How did you pay for the flight training

Pay for your training [closed]

Pay for Training (PFT) is one bad thing . I'm specifically referring to operations where you pay to get initial airplane training and fly the correct seat. Yes, you not only pay for 121 initials (BAD!), But also for flying from the correct seat. The bottom line is that you take up a place the company should pay you for!

Part 121 pilots are in a constant battle for wages. Companies paint a picture that the only reason they suffer quarterly losses is because they overpay the flight crew. Bargaining capital must be used to combat this. These Job Pay (PFJ) operations harm our negotiating positions on wages, as do the pilots that emerge from these programs, some of whom claim are more likely to support concessions (after all, they fly for free!).

These types of programs are hard to combat because flying is more than a job for many people. It's a dream and a passion, and some of these people like to pay for the "privilege" of flying a 1900 beech from the right spot.

You asked about the advantages and disadvantages, so:


  • You will learn an airplane and log some SIC and TT, maybe even turbines.


  • They are helping to lower wages across the industry.
  • They allow the company to avoid paying a wage to half of its pilots.
  • You will likely have a stigma going up in the 121 world, at least at a regional level (FOs I've flown with were very reluctant to mention their previous operation when it happened to be [REDACTED]).

Don't go the PFJ route. When you find something that pays you a flight wage, build hours to get a regional seat. Once you have your commercial (and cfi) certificates, stop paying to fly. You will also find that once you are in the world, it may not be worth paying to expedite your way there.


Given that no one is going to pay you to build hours on a type rating, paying for time or not getting a job at all is a choice for many people. And yes, this is a sad situation caused by the flood of unemployed people (and still a flood of new people with high hopes for great wages for very little work brought about by romantic stories about the pilot's life to come to the field).

casey ♦

If you want to fly for a 121 airline, who cares about a type rating? The airline will do it for you, you only need the hours to get on. Lots of people will pay you for it. After 250 hours, you can instruct and maybe find a powerline / pipeline patrol or SIC job. With 500 hours you are more insurable and more options open up, including the VFR 135 solo pilot. You are right no one is going to give you money just to build up time, but a lot of people will pay you to fly you a job. Ping me on chat if you'd like to discuss.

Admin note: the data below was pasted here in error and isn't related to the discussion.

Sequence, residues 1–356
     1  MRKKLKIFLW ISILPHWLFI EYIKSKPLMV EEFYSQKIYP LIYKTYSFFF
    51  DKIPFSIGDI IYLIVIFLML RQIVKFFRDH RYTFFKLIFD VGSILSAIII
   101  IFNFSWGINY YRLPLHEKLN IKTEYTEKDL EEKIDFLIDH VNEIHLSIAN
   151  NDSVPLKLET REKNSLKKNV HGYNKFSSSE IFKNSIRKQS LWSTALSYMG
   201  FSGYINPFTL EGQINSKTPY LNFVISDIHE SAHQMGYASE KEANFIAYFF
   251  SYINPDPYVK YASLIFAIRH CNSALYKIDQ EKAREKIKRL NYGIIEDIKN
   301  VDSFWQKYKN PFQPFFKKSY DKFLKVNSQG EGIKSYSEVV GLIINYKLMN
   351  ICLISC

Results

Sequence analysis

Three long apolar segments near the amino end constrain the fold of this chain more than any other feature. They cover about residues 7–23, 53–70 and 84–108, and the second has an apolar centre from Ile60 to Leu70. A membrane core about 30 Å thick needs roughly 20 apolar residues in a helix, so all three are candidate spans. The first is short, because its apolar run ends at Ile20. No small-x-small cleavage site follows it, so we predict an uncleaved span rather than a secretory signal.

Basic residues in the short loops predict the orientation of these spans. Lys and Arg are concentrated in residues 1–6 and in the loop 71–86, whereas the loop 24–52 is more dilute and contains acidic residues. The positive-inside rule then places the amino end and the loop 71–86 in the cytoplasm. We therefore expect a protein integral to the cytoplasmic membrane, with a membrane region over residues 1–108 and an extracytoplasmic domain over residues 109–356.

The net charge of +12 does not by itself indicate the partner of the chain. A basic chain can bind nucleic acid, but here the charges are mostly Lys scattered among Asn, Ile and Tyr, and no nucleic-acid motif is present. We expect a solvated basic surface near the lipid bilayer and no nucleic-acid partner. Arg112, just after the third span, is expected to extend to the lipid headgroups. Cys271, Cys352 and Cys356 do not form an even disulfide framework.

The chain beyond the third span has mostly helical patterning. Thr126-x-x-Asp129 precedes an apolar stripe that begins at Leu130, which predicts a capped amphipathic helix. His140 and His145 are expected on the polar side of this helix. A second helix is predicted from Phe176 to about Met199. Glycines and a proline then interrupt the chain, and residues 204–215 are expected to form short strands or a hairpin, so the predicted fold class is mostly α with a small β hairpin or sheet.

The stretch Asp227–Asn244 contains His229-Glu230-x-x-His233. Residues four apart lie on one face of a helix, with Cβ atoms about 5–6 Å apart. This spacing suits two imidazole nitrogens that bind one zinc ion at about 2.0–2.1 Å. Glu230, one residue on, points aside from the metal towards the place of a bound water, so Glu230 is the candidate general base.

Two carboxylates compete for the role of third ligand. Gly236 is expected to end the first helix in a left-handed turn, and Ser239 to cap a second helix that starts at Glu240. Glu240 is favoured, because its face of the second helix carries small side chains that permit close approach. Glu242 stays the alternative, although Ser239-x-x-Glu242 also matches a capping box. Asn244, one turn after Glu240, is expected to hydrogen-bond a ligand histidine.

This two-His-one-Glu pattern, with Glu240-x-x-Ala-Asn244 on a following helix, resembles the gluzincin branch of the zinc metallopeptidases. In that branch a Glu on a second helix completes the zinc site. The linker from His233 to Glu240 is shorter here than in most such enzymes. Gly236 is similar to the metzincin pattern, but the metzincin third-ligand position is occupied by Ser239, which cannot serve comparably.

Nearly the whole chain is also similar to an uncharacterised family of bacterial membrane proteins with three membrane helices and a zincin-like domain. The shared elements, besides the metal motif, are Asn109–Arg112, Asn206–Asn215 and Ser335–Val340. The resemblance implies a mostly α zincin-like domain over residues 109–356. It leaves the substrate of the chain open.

could be. However, most operators expect you to have X hours before you can control anything. And getting those hours is what people have to pay for. That's not to say it's right, but when enough operators are doing it, there is no way you can get lessons without submitting and starting the program unless you buy your own plane and most people just don't have that Money for it (and it would probably cost more than the hours to pay).

casey ♦

Conversely, if there weren't any people willing to pay for something the rest of us get paid for, then those positions wouldn't exist and the same companies would pay you for your work. If you go to any of these programs you will be taken advantage of and a fair bit of marketing that you think you need to be. The truth is you don't. In the 4 years I sat in a 121 cockpit, I flew with fewer than 10 people going through a PFJ program. As a 121 CA, if I had to choose between two 500 hour pilots who are a CFI or a PFJ to be my SIC, I would take the CFI every day.


One aspect that concerns me is the status of "student". If they pay to be there, they are likely not employees: they are unlikely to be covered by Workman's Comp if they are injured on the job. They may not have union representation, have been unable to receive unemployment benefits, may not pay for social security, etc.